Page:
Nongoma – The body of the late King Goodwill Zwelithini of the Zulu has finally arrived at KwaKhethomthandayo royal palace in Nongoma, marking his last journey to the place where he grew up.
The body of the king arrived at the palace at 4.30pm on Wednesday.
In a solemn procession that started from a mortuary in the central business district of the town of Nongoma to the palace, his body was escorted by Zulu regiments clad in full traditional Zulu regalia.
WATCH: The moment the late Zulu King Goodwill Zwelithini making his last journey to KwaKhethomthandayo royal palace in Nongoma. That was before his private burial later tonight. The King grew up in this palace which was originally built for his father, King Cyprian Bhekuzulu. pic.twitter.com/o7viMQ5kIe— Sihle Mavuso (@NewsBotZA) March 17, 2021
The journey from the mortuary to the palace took about two hours.
As the regiments who were singing traditional Zulu hymns escorted the body and moved slowly, people lined up along the main road leading to the palace, paying their last respects to their beloved king.
Minutes before the body arrived at the palace, everything came to a standstill and there was complete silence.
BREAKING NEWS: The body of the late Zulu King, Goodwill Zwelithini, has arrived for the last time at KwaKhethomthandayo royal palace in Nongoma. From there the king would be buried in a private funeral and it will place tonight. pic.twitter.com/x4iGaUOxHc— Sihle Mavuso (@NewsBotZA) March 17, 2021
Before the convoy hit the last stretch of the road leading to the palace, a heavy downpour started.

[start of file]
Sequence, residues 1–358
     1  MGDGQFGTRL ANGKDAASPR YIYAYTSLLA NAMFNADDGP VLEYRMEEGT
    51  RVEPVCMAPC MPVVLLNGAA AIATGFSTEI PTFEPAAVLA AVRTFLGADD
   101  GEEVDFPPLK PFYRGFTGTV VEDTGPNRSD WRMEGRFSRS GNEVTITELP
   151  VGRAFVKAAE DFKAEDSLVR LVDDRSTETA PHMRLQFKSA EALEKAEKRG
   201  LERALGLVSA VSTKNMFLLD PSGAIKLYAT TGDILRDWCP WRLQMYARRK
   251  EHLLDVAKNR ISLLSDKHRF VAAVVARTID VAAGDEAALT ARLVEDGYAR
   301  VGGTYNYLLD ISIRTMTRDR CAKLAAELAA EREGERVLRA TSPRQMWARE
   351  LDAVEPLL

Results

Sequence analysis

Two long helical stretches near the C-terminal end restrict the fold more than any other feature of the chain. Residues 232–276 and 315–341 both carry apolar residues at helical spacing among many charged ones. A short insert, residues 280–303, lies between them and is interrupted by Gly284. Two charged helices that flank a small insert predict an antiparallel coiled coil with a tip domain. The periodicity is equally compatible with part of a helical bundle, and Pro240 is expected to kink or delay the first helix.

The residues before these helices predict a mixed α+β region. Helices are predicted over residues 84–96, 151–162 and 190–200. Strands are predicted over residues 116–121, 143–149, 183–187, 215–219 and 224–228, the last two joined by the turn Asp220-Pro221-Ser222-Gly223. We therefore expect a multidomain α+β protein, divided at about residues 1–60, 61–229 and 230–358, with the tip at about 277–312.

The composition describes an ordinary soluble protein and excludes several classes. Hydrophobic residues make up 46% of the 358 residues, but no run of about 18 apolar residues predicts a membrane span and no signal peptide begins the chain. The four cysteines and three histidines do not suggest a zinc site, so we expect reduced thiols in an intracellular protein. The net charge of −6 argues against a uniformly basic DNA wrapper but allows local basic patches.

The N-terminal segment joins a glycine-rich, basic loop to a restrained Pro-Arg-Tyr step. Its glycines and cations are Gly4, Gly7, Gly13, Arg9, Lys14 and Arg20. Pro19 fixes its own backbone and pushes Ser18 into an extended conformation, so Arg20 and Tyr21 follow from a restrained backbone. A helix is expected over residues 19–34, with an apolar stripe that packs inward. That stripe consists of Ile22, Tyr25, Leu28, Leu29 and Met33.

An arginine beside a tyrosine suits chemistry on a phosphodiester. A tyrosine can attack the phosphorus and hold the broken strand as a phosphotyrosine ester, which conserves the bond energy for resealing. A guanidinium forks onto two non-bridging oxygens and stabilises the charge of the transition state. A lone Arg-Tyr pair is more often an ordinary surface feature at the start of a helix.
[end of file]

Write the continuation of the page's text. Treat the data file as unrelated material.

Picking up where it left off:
The regiments and the people who convened around the palace were not undeterred as they welcomed the body.
They patiently waited while senior royals and the traditional prime minister of the Zulu nation, performed some rituals.
That ritual lasted for about 40 minutes and it was done behind a thick wall of Zulu regiments who were determined to keep the rituals out of the public eye.
Since the king's burial would be secret and some rituals are kept private, an order was issued that all cameras, including those of news channels, be switched off with immediate effect.
Taking pictures and recording videos using cellphones was also banned and that was strictly enforced.
Back at the palace, after a few Zulu rituals, the king’s body was taken to a marquee where royals were waiting.
Outside that marquee maidens and women sang traditional songs and danced in a manner that spoke to the mourning process.
The late king passed away on Friday aged 72.
He would be buried in a private funeral on Wednesday midnight and a memorial service in his honour would be held on Thursday.